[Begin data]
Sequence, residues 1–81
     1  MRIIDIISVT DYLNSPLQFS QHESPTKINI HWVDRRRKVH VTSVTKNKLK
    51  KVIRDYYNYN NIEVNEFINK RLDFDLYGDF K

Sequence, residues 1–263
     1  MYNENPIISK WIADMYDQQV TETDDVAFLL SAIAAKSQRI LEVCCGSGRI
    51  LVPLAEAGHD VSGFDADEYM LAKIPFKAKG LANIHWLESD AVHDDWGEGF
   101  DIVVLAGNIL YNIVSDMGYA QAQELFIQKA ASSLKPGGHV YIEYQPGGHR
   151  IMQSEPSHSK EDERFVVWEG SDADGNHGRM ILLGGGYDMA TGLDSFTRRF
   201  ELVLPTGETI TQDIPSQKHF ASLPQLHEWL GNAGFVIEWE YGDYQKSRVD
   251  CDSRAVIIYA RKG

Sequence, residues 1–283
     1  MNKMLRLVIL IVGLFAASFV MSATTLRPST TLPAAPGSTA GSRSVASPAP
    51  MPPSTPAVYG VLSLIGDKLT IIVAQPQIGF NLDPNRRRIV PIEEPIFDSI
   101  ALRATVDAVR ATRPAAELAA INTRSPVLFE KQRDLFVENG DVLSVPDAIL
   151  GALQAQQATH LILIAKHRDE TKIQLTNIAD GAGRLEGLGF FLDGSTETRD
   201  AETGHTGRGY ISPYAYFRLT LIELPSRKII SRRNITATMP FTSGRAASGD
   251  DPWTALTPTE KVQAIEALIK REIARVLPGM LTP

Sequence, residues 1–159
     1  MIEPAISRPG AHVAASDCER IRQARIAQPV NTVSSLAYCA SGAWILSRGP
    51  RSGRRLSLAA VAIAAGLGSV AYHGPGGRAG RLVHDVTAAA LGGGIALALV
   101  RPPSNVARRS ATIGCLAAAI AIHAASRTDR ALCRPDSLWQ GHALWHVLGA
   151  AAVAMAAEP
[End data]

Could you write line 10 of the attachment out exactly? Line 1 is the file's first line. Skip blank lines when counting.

   251  CDSRAVIIYA RKG